Lately in the blogosphere, more and more blog owners are switching the links in their comments from NoFollow to DoFollow. Don't feel lost if you are new to blogging and WordPress when you see these words. Here are a couple of simple definitions:
DoFollow - When creating a link on any webpage using HTML, normally the code looks like this:
<a href="http://www.mysite.com/">My site name with dofollow</a>
This same link is actually the DoFollow link. DoFollow is the default attribute for an HTML link. This tells the search engine spiders that the link can be "followed" by others.
If your goal, however, is to keep the search engines from following your links, you need to add the rel="nofollow" attribute like this:
<a href="http://www.mysite.com/" rel="nofollow">My site name with nofollow</a>
When the attribute was first introduced, its main purpose was to stop comment spam on blogs, because as you may have noticed, the commentary section of many blogs can get flooded with spam if no one takes preventative measures. The attribute itself instructs the search engines to note that the specific link should not influence the link target's ranking in the index. In other words, the search engines will ignore the link.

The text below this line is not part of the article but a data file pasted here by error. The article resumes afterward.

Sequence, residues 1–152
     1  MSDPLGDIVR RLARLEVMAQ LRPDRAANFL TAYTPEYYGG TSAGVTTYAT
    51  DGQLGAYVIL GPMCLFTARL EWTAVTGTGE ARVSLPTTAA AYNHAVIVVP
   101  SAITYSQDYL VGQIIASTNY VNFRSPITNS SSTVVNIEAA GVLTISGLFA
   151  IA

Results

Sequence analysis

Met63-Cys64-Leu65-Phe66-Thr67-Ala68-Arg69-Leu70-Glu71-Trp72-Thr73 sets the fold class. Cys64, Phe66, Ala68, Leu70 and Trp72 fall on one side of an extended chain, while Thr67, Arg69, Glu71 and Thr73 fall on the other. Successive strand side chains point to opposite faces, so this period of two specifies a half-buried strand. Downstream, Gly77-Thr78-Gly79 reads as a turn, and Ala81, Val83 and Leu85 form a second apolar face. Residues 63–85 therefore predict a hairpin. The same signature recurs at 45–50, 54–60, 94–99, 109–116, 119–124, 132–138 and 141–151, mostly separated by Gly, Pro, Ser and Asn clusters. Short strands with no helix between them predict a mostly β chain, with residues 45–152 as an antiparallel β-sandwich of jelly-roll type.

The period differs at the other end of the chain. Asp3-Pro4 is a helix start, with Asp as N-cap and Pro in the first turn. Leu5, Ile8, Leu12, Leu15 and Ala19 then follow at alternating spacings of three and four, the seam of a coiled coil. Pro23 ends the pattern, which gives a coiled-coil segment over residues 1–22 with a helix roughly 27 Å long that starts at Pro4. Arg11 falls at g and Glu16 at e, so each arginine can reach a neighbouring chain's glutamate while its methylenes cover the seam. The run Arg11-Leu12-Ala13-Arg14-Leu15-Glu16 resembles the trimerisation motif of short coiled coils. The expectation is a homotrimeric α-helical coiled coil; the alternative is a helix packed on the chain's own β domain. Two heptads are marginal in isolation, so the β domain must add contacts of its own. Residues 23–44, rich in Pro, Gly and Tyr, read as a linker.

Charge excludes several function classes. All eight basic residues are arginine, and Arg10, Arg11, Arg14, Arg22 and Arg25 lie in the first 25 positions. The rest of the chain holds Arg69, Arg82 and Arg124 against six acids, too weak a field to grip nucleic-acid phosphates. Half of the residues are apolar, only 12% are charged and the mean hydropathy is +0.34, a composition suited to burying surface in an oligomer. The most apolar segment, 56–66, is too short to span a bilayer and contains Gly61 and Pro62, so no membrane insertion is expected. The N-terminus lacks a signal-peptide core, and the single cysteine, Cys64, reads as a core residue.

While NoFollow links were first developed as a method for preventing blog comment spamming, many bloggers are now electing to create DoFollow blogs. The idea behind this is that it will encourage readers to come to your blog and comment more frequently - and it will help your readers to build their following as well. Even if you do choose dofollow for your blog, there are measures you can take to prevent blog comment spamming.